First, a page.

Research has linked the high fat content and hormones in milk, cheese, and other dairy products to breast cancer.

A 2017 study funded by the National Cancer Institute that compared the diets of women diagnosed with breast cancer to those without breast cancer found that those who consumed the most American, cheddar, and cream cheeses had a 53% higher risk for breast cancer, while yogurt was associated with a lower risk, suggesting that the high saturated fat content in cheese may play a role.6

The Life After Cancer Epidemiology study found that, among women previously diagnosed with breast cancer, those consuming one or more servings of high-fat dairy products (e.g., cheese, ice cream, whole milk) daily had a 49% higher breast cancer mortality, compared with those consuming less than one-half serving daily.7

Research funded by the National Cancer Institute, the National Institutes of Health, and the World Cancer Research Fund, found that women who consumed 1/4 to 1/3 cup of cow’s milk per day had a 30% increased chance for breast cancer. One cup per day increased the risk by 50%.8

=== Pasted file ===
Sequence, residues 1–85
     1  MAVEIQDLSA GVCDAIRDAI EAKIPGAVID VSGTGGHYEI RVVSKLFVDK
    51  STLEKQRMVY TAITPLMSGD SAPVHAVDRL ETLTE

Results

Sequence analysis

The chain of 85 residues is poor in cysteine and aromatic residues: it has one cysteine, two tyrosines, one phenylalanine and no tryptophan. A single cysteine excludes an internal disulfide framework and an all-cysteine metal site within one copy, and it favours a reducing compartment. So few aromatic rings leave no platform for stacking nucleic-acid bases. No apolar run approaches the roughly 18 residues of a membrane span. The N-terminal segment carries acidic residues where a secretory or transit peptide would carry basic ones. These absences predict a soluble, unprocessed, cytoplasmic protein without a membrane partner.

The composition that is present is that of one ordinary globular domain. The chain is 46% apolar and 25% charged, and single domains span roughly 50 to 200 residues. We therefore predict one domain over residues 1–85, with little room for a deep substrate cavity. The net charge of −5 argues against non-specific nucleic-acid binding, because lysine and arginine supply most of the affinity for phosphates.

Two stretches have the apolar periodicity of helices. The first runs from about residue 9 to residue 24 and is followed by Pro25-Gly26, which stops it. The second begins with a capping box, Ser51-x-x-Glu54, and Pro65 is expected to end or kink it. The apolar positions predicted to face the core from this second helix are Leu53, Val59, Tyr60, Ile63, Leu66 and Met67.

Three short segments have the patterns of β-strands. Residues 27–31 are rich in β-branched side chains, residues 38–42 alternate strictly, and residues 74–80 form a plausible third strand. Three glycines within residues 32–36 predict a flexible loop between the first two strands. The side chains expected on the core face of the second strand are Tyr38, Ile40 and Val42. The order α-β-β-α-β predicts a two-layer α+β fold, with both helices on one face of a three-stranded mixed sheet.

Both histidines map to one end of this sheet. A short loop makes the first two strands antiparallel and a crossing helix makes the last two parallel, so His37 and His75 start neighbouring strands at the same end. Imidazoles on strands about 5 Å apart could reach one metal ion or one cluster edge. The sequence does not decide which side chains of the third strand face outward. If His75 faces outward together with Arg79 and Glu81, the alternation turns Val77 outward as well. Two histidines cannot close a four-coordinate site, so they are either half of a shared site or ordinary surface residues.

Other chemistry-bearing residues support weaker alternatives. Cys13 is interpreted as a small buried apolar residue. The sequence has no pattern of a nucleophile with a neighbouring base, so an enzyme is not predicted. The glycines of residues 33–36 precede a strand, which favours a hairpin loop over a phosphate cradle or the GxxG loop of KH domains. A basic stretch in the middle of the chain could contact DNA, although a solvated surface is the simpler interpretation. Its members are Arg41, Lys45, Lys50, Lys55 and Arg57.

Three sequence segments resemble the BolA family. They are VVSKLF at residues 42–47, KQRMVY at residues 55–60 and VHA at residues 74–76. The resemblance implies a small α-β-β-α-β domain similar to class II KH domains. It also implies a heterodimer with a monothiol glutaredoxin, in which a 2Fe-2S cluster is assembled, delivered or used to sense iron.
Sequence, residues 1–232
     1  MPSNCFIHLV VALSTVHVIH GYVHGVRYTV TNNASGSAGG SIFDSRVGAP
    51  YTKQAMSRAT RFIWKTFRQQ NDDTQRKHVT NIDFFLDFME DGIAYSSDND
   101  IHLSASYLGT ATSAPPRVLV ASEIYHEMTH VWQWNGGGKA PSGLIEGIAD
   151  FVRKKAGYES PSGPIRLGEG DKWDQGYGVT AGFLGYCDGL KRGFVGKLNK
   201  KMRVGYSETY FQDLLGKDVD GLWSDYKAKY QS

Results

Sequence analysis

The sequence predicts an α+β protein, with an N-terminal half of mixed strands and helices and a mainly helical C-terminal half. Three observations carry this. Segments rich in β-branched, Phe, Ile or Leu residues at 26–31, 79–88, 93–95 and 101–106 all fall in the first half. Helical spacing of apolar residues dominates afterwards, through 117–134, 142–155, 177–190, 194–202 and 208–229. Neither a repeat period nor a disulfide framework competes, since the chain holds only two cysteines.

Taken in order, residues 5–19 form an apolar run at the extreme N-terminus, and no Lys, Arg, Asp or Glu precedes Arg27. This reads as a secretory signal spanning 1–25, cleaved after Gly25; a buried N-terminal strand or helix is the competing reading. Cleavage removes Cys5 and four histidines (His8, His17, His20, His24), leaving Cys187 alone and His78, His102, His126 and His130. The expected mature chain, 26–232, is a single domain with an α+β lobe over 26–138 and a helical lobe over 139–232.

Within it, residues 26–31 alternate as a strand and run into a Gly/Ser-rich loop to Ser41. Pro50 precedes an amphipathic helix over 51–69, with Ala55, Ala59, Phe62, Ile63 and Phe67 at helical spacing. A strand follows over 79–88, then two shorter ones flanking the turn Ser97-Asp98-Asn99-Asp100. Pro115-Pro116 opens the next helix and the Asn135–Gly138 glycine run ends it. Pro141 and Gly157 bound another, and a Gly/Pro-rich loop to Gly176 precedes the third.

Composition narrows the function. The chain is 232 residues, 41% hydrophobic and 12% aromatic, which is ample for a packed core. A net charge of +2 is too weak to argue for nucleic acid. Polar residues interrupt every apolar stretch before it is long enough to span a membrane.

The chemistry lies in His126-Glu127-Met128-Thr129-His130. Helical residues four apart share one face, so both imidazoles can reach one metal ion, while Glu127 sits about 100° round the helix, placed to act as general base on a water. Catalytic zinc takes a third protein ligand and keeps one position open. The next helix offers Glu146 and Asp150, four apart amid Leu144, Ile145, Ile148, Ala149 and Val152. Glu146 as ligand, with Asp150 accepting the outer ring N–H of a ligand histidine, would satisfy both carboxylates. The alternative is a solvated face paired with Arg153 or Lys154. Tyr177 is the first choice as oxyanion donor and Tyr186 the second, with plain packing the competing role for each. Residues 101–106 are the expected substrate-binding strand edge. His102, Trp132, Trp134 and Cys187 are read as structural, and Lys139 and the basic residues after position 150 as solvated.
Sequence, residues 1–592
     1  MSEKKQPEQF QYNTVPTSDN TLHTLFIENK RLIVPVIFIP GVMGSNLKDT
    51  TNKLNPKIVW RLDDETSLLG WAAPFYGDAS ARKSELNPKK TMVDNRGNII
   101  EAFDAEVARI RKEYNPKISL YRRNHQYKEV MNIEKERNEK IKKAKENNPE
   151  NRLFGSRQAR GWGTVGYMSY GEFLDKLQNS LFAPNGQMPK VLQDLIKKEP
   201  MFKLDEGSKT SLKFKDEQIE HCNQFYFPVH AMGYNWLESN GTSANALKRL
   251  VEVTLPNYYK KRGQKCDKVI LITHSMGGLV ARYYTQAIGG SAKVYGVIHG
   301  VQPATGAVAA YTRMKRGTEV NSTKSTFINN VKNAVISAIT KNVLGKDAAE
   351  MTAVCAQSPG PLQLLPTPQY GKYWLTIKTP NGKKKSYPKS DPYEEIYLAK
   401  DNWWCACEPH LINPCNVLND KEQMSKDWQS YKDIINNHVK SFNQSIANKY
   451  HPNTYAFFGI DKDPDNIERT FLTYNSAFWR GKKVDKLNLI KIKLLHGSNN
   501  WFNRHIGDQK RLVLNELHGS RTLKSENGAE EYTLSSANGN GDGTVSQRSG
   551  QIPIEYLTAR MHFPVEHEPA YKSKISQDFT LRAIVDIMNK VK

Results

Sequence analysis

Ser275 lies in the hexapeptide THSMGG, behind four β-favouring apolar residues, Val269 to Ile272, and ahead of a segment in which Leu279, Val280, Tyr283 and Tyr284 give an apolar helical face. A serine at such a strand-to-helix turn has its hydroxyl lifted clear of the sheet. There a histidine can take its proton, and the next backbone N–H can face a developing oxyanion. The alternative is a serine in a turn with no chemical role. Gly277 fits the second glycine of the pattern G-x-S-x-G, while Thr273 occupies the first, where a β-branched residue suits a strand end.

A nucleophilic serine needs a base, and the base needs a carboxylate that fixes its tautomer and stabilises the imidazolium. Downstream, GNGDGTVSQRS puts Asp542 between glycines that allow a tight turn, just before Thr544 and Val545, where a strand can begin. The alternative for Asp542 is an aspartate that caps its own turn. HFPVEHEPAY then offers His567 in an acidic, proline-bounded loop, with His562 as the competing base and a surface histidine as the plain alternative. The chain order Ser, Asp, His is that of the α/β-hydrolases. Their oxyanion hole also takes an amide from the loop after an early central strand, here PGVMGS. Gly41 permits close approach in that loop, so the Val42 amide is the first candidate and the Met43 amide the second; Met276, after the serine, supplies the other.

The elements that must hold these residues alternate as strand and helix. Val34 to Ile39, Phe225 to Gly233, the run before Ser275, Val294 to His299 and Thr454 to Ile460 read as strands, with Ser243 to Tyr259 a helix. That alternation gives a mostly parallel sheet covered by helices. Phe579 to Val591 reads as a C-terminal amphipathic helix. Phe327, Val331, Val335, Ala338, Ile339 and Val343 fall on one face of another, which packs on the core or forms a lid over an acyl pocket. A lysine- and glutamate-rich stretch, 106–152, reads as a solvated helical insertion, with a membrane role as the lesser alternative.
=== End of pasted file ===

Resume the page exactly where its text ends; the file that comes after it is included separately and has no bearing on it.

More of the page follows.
High intakes of dairy products including whole and low-fat milk increase the risk for prostate cancer, according to a meta-analysis that looked at 32 studies.9 In another study, men who consumed three or more servings of dairy products a day had a 141% higher risk for death due to prostate cancer compared to those who consumed less than one serving.10

But avoiding dairy products and eating a more plant-based diet may help protect the prostate. A study published in the American Journal of Clinical Nutrition found that men who followed a vegan diet had a 35% lower prostate cancer risk than those following a nonvegetarian, lacto-ovo-vegetarian, pesco-vegetarian, or semi-vegetarian diet.11

Skin Health